Res Judicata is a phrase which has been derived from a Latin term, which means ‘the thing has been judged’, which means that the issue before the court has already been decided by another court, between the same parties. Therefore, the prior court will dismiss the case before it as being useless. Res Judicata as a concept is applicable both in case of Civil as well as Criminal cases.
The term is also used to mean as to ‘bar re-litigation’ of such cases between the same parties, which is different between the two legal systems. Once a final judgment has been announced in a lawsuit, the subsequent judges who are confronted with a suit that is identical to or substantially the same as the earlier one, they would apply the Res Judicata doctrine ‘to preserve the effect of the first judgment’. This is to prevent injustice to the parties of a case supposedly finished, but perhaps mostly to avoid unnecessary waste of resources and time of the Judicial System.
And, therefore, the same case cannot be taken up again either in the same or in the different Court of India. This is just to prevent them from multiplying judgments, so a prevailing plaintiff may not recover damages from the defendant twice for the same injury.
For making Res Judicata binding, several factors must be met up with:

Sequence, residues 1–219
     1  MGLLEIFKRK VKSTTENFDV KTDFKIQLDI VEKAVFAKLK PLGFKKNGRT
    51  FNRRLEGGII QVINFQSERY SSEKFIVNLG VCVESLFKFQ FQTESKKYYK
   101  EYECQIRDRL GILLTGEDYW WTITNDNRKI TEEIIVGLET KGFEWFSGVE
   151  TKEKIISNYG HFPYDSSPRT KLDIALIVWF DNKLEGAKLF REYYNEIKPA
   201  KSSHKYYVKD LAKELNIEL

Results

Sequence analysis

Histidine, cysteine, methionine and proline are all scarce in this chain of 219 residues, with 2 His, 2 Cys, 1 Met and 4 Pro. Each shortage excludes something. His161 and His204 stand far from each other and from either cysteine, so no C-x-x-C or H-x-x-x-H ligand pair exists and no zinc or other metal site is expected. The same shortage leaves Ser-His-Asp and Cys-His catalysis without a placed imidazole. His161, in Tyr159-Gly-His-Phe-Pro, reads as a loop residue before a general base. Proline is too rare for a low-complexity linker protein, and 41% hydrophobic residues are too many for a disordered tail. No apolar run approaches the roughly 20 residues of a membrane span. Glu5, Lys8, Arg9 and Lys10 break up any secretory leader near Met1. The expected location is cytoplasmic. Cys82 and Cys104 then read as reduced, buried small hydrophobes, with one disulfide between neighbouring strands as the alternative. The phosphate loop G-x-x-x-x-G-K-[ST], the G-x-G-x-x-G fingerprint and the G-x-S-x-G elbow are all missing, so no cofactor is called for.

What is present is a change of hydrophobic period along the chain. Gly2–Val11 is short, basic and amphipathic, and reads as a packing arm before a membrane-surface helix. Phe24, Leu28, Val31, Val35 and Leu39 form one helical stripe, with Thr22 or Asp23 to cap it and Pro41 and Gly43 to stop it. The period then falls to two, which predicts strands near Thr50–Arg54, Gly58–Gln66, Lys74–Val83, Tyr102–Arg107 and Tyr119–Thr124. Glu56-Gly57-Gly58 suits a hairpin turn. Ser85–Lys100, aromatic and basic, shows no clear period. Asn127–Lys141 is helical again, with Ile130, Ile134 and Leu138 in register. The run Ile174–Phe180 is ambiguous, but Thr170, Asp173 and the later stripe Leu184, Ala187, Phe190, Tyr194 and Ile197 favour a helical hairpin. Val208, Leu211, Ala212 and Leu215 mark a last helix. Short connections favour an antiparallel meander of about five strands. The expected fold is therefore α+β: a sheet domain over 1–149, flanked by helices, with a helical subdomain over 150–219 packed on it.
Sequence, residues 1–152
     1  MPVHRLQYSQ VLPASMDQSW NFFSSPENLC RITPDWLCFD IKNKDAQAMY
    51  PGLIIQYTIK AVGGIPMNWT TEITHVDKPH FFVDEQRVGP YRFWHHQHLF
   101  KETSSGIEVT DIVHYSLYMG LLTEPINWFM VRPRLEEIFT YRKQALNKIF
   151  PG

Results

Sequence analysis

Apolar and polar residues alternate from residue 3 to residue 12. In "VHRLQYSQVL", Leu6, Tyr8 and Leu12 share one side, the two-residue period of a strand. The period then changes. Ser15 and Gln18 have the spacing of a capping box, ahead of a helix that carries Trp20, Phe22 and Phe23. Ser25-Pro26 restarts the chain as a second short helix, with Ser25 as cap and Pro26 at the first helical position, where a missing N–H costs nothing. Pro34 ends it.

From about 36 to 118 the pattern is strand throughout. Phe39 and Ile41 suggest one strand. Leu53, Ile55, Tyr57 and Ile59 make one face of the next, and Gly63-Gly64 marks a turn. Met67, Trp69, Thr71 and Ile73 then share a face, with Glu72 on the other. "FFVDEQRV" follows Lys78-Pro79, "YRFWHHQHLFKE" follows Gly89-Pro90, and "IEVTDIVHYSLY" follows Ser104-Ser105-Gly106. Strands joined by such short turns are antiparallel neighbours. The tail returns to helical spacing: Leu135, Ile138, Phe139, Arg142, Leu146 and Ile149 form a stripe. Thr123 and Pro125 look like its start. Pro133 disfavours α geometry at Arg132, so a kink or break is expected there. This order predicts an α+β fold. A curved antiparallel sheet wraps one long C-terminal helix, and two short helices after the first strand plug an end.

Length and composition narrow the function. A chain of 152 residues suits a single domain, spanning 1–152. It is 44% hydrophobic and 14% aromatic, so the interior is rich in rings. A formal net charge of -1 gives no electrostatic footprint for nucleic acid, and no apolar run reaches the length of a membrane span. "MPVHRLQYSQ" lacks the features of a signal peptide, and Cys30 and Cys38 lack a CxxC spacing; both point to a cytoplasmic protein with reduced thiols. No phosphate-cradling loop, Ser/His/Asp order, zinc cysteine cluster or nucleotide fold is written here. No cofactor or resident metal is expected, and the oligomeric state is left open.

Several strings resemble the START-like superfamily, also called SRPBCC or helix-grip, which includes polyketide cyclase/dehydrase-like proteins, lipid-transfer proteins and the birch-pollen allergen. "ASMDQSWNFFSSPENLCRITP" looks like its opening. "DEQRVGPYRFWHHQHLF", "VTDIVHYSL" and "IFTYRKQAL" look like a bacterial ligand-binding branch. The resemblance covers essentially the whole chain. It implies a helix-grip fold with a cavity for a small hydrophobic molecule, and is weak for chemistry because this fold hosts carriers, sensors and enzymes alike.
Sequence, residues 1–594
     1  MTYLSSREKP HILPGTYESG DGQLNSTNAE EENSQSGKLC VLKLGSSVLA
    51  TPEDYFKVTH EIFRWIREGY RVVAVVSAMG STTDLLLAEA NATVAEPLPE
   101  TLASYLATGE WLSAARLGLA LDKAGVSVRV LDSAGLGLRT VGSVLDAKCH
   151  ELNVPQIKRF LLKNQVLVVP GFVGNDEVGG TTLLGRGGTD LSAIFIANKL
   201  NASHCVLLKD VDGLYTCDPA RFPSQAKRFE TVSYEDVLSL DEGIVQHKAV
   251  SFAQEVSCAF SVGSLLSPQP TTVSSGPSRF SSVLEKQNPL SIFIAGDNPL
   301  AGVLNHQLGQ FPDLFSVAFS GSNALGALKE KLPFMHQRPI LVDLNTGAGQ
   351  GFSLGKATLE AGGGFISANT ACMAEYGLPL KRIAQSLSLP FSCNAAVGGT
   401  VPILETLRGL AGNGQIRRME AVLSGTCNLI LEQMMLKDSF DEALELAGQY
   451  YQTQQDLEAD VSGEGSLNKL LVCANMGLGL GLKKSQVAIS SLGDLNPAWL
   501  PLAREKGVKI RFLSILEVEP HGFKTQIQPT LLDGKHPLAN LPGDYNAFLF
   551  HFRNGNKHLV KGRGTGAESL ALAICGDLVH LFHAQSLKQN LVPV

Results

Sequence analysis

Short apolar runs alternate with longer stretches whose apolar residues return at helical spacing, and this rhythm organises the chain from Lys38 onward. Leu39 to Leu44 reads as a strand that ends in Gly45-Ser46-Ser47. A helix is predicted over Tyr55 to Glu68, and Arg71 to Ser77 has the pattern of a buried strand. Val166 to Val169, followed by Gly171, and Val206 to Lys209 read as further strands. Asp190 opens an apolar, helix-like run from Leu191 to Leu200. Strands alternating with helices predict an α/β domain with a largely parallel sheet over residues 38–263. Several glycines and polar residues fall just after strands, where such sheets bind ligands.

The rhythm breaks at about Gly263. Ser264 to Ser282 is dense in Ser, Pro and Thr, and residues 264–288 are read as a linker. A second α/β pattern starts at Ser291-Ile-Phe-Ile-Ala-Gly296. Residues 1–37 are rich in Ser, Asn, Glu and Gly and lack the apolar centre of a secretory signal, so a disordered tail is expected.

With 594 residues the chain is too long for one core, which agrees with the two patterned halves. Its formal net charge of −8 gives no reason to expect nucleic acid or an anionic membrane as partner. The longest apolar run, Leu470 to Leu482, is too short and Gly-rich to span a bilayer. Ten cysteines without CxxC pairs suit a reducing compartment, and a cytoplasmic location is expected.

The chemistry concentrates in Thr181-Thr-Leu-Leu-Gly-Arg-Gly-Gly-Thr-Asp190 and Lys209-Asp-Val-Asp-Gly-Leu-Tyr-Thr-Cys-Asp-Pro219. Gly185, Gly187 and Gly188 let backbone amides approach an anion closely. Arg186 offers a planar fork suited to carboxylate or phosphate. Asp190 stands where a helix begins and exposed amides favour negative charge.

identity in the thing at suit;
identity of the cause at suit;
identity of the parties to the action;
identity in the designation of the parties involved;
whether the judgment was final;

whether the parties were given full and fair opportunity to be heard on the issue. Regarding designation of the parties involved, a person may be involved in an action while filling a given office and may subsequently initiate the same action in a differing capacity. In that case Res Judicata would not be available as a defense unless the defendant could show that the differing designations were not legitimate and sufficient.
Therefore, Res Judicata in a nut shell is a judicial concept wherein the Courts do not allow a petition to be filed in the same or to the other Court for the doctrine of Res Judicata would apply and the party would not be allowed to file the petition or to continue the petition (as the case may be).